How to care for newborn, unweaned kittens
Born unable to hear or see, newborn kittens are entirely dependent on their mother’s milk for nourishment. Around four weeks of age, they will gradually begin to eat solid food, and they are fully weaned around eight weeks of age. The mother is also busy round the clock protecting her kittens and keeping them warm and clean, teaching them basic socialisation skills and helping them to urinate and defecate in the first three weeks. Should you come across a kitten she seems to have left behind, or if your cat is unable to care for her litter, you may need to look after the kittens yourself. In this case you will have to take over very quickly, especially if your kitten’s eyes are still closed, which means that the kittens are less than two weeks old. Taking over the mother cat’s role is a full-time job and requires a great deal of care and patience, especially in the first four weeks, but it can be very rewarding. Follow Perfect Fit’s practical guidelines on how to care for unweaned kittens to help your little felines grow into happy, healthy cats.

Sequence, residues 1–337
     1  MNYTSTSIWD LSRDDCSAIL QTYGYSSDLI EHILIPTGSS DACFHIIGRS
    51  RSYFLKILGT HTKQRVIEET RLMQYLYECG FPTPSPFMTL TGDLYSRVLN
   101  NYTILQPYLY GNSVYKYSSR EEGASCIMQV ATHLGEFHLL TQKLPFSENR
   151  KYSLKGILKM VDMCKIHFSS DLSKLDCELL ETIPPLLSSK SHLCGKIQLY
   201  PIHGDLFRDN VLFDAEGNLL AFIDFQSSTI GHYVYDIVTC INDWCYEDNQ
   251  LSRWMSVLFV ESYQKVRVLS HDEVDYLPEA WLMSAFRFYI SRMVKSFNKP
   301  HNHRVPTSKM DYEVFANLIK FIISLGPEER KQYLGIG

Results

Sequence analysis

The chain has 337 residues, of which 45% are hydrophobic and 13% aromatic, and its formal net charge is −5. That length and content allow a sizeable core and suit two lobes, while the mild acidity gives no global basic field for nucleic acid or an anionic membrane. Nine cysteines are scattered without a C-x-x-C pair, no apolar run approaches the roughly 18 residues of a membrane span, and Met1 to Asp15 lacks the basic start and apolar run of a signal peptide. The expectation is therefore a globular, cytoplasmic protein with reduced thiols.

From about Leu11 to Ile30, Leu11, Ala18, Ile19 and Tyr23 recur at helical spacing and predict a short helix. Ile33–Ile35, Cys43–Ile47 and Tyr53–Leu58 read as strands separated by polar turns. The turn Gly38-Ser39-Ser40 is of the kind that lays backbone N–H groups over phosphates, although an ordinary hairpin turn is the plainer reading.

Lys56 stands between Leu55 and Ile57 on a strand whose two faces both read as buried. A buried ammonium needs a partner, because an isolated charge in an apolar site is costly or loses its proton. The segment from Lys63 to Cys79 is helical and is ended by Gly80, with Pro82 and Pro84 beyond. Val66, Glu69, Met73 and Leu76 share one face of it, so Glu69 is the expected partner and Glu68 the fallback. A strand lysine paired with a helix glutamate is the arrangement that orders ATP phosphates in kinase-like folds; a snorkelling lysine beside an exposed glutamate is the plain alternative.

What to do first: making your kittens warm and comfortable,
If the mother is not there to do it, it is important that you keep newborn kittens warm, as they are not yet able to regulate their own body temperatures and can easily go into hypothermia. To ensure your kittens are warm enough, keep them in a quiet room, out of the way of any drafts. Keep the room temperature at around 25°C. You can make them a cosy bed from a cardboard box lined with blankets or purchase a ready-made kitten bed. You can use an infrared light or hot water bottle securely wrapped in fabric to heat their bed. But make sure it is not in direct contact with kittens.
Reminder: if your kittens’ eyes are still closed or partially opened, this stage is even more vital. Once warmed up, take them immediately to the vet.